It is my intention to give you as much information as possible good or bad. Informed with knowledge of the breed will help you make and live by your choice to have a Aussie by your side. Having had many breeds over my years from Beagles, Golden Retrievers, Great Danes, Saint Bernard's, Great Pyrenees, Miniature Schnauzer and the Australian Shepherd is in it's own world by themselves. I love my dogs and would not have anything but them but this is my choice and I hope it will be yours as well with correct and truthful as I can make it information on this breed.

An Aussie in your home may just be the only kid you will ever need or may be the best and worst kid rolled into one you have ever had. When they do not get their way you may hear them whine and if the do you just may see them smile. Aussies love to the extreme most times their people and will always be there helping you do whatever it is you are doing right by your side or under your feet stuck like glue at all times watching you.

They can be protective of their own which is you, though not intentional in most cases can be overpowering to smaller kids just because they desire to play and do not know their own strength. They have the best sense of humor of any dog I have ever met. They will do something just to get a reaction out of you, and then sit there and laugh and smile about it and boy can they talk. They will tell you about their entire day if you let them and go get objects to use as props in the story.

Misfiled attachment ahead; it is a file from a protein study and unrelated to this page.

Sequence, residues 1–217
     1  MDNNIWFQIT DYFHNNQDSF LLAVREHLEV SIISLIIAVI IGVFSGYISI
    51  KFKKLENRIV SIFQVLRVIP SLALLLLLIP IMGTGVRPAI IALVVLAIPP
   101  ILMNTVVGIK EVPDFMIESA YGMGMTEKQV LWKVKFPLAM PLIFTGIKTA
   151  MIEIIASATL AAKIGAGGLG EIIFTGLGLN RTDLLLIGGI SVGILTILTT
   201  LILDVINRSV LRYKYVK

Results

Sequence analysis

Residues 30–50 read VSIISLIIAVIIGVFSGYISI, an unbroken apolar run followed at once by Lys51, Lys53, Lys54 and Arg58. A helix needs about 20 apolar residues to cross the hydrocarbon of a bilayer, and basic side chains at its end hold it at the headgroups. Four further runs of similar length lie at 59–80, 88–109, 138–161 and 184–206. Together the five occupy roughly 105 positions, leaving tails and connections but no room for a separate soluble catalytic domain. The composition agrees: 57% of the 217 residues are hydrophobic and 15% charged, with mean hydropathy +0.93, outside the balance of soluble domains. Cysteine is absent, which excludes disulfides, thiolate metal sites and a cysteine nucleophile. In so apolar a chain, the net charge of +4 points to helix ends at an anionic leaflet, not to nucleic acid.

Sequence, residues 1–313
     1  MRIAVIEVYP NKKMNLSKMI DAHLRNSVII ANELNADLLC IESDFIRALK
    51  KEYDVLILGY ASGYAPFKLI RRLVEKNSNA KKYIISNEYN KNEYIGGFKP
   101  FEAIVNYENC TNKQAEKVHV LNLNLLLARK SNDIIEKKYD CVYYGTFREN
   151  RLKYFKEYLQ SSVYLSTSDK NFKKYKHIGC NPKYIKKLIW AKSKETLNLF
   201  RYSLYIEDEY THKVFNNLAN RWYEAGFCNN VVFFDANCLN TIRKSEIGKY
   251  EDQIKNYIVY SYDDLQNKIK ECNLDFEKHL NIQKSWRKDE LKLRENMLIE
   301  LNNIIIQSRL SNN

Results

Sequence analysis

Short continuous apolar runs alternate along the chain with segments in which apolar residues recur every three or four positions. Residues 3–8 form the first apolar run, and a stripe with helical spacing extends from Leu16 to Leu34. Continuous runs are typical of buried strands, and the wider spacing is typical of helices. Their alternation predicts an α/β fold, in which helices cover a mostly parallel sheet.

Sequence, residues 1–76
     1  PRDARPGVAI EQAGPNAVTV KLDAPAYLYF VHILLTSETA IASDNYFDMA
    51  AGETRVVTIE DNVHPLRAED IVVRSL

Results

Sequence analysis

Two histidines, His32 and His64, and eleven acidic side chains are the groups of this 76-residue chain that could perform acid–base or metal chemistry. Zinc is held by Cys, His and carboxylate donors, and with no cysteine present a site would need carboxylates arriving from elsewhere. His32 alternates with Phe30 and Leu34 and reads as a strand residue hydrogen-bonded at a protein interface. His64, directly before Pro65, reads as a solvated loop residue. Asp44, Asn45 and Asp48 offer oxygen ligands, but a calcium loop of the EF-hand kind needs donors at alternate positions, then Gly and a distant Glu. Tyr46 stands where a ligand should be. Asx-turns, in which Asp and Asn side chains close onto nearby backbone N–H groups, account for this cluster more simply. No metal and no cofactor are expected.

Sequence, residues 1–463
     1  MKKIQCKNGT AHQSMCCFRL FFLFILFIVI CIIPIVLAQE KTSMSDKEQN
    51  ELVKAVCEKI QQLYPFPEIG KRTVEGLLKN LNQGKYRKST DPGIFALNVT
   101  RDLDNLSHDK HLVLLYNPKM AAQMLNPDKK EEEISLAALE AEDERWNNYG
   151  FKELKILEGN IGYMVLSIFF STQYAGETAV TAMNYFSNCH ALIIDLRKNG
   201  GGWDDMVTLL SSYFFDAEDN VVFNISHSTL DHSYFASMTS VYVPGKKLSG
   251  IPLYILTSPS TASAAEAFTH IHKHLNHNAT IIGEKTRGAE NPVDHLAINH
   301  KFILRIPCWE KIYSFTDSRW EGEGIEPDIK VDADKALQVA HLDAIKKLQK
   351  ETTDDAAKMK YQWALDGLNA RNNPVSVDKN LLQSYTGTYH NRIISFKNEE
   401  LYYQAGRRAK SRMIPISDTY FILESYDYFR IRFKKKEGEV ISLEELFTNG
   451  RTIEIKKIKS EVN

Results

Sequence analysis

Aussies are at their best when they are engaged in interaction with a person, whether it be walking, running, or fetching; and are the perfect companion for an active family.

Australian Shepherds need a lot of physical activity. They are a working breed, so they thrive on learning new tasks and engaging in those tasks as often as possible. Families who are active outdoors will benefit from the company of an Aussie. They are incredibly agile and enjoy games like fetch and catching a Frisbee. Apartment dwellers should be cautioned against adopting an Australian Shepherd. Though they are medium in size, they require a lot of exercise and stimulation, and if they don't get it, can become destructive or develop separation anxiety.

Australian Shepherd - Appearance and Grooming

Coat, Color and Grooming

Coat and Color